Recently, a large cheating scandal was uncovered at Texas A&M University. During finals, students in a 400-level finance course were sent an email giving them the chance to come forward by Dec. 8 or potentially face suspension or expulsion. We’re not the only ones. All around the country, we’ve seen increases in cheating cases through posted answers on homework helper websites, like Chegg.
Why do students cheat? Could it be laziness or dishonesty that drives so many to put their academic careers on the line? I think a better explanation is that the current ways many of us deal with education is a struggle. Simply put, it's boring.
For many, college is just a grind of review, regurgitate and repeat. Most students are completely dissatisfied by the cookie-cutter course load. My peers and I would rather be doing almost anything other than drudging through piles of homework and notes, especially as members of the generation of instant gratification. I know experiences may vary, but this has always been the case for me. Even if you come from a mindset that students should pull themselves up by their bootstraps, being able to enjoy and be engaged in your studies greatly improves learning.
The solution is to diversify learning methods and make education more interactive and practical. At their core, teachers are performance artists. They have to entertain and engage their audience to truly do their jobs right. Look back at your favorite teachers and professors and I’m sure you’ll find some of the best had a special kind of charisma (and maybe showmanship) when explaining new concepts. Perhaps giving teachers greater control over how they teach would result in better methods and results.
Throughout high school, I was in the Vet Science Career Development Event for the Future Farmers of America, proof that I've always been a lover of all things Ag, through and through. One important part of the CDE competition was practicums. We would practice and perform procedures professional veterinarians use in their day-to-day careers, as long as you count locating the arteries of stuffed animals and injecting them with water. I was by far the worst on my team, but I still saw the value this learning style would have for many people. Practicum-based learning would be a more practical, hands-on approach to education for many students.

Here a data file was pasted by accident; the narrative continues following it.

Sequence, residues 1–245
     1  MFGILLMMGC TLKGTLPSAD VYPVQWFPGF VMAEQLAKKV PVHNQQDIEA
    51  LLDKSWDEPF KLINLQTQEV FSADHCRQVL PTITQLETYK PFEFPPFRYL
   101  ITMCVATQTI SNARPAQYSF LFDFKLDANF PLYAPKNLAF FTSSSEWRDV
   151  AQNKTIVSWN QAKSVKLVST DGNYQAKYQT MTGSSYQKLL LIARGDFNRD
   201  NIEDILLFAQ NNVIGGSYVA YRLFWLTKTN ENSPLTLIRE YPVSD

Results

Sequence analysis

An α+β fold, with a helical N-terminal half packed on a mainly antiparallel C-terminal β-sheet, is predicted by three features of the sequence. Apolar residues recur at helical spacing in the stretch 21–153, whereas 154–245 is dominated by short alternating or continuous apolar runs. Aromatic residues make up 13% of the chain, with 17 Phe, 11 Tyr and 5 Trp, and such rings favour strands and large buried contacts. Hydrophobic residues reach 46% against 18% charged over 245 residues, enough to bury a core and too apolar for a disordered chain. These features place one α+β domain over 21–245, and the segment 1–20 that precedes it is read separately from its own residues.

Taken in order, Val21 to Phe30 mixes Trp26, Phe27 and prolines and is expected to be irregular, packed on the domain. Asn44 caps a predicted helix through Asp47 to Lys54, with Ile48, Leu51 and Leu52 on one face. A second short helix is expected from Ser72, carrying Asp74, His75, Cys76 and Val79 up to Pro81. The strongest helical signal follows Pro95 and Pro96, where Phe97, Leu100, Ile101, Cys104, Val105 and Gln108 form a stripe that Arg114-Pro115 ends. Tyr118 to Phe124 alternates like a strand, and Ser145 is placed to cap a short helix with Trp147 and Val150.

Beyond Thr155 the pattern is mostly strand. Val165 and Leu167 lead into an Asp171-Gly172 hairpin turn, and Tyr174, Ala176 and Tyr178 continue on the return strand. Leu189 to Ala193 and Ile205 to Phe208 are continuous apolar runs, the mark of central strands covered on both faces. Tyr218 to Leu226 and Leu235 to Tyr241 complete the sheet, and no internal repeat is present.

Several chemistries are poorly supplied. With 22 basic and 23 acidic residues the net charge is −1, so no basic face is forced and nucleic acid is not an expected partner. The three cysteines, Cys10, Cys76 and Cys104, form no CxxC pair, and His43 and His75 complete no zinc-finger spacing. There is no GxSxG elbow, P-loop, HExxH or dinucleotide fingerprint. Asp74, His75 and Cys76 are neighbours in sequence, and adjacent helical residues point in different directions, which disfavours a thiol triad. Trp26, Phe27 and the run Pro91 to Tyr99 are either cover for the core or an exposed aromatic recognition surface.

In some of my classes, professors have already made changes to their format and curriculum to adapt to COVID-19. Specifically, I’ve seen a lot more open-note, take-home tests and essays. Instead of focusing on the memorization of information, many of these tests exercise critical thinking and the application of knowledge to different contexts. Weekly open-discussion questions have also been a good alternative to the in-class discussions students might otherwise have had. These different approaches helped me better understand and retain the information far more than cramming for tests with Quizlet flashcards or other services, like Chegg.
I have a Chegg account myself, but like any good Aggie, I would never think about using it to cheat. In all seriousness, I do understand the importance of academic honesty. Sometimes we just have to do our best with the cards we’re dealt. Based on how our educational system currently works, I can see how the punishment of students caught-up in this scandal is justified. For everyone’s sake in the future, I just have to hope we can do better for our students. I believe we can create an environment where cheating isn't necessary. One that's better for students, teachers and society. Doing this would not be a quick process. It would be a slow, gradual change over a period of time.
But change has to start somewhere, which presents Texas A&M staff and faculty with an opportunity. Our country’s education system is well known for its ineffectiveness. Being the institution to finally make the leap forward and adapt our learning would reinforce A&M’s legacy as a pioneer in the future of education.
Think about it, Aggieland, there's much more to gain than to lose.
Zachary Freeman is an anthropology junior and opinion writer for The Battalion.